XIX CORPS INSIGNIA

 

 

XIX Corps ( 1st design )

 

DESCRIPTION

 

2 1/4 inch wide x 2 1/2 inch high patch in the shape of a Spanish Mission bell.

 

BACKGROUND

 
An early design approved in 1935. This design was used because the unit was made up of reserves in California and seven western and north western states; the mission bell represents the Spanish influence of those areas.
 
 
   

XIX Corps ( 2nd & 3rd design  1944 - 1945 )

 

DESCRIPTION

 
On a medium Blue disc 2 5/8 inches (6.67cm) in diameter with a 1/8 inch (.32cm) Silver Gray border, a tomahawk Proper (black handle, a silver gray blade and bindings and red tassel).
 

SYMBOLISM

 
In April 1944, over the signature of General Eisenhower, it was stated that a design "of American significance" was desired by the Corps Commander of the XIX Corps. The tomahawk is one of the most American of symbols. The Indian tomahawk was combined with a peace pipe and was thus ceremonially representative of war or peace. In the peace ceremony the blade was buried and the peace pipe smoked, while in war it was used as a weapon rather that as a pipe.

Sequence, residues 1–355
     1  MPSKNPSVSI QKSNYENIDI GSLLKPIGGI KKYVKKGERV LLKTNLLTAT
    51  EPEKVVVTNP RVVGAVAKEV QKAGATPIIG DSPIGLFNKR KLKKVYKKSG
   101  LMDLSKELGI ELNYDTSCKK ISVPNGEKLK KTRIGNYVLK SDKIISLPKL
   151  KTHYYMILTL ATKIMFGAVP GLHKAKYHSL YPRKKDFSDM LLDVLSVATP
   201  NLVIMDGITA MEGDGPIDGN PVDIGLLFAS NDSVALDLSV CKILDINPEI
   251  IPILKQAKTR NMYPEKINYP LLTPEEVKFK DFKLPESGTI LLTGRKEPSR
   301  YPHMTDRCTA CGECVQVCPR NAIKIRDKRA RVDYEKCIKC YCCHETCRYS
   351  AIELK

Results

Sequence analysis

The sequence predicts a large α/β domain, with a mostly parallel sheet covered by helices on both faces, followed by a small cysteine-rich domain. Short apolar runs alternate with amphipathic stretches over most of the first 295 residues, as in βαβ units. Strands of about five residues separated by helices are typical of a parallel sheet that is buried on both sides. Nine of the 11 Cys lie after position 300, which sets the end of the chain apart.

BACKGROUND

 
The distinctive unit insignia was approved for the XIX Corps on 3 May 1944. It was amended 9 March 1949, to change the wording of the description to conform with the shoulder sleeve insignia manufactured and worn by the personnel of the XIX Corps overseas during World War II, the design was a slight variance from the originally approved design.
 
 

VARIATIONS

 

Bullion Embroidered XIX Corps patch

 
 

Machine Embroidered on Wool XIX Corps patch

 
 

"TOMAHAWK STRIKES" tabs

 

"TOMAHAWK STRIKES" tabs

 

David Kaufman, a collector of  US Army patches obtained several years ago a so called "Ike" jacket with Tomahawk Strikes tabs on it. The tabs were unauthorized ( unofficial ) and are probably made by an unknown individual soldier or civilian in the year 1945.

 
 

ORIGIN OF XIX CORPS SLOGAN "THE TOMAHAWK STRIKES"

 

The Tomahawk Strikes! ( the slogan which is identified with the shoulder patch ) was originated in February 1945, during a contest sponsored by The Tomahawk ( published by the XIX Corps SSO Section ) for a more suitable motto. Corporal A. L. Rivers, of the 175th Infantry, whose slogan was selected from more than a thousand entrants, won a three-day trip to Paris.  

 
 

 

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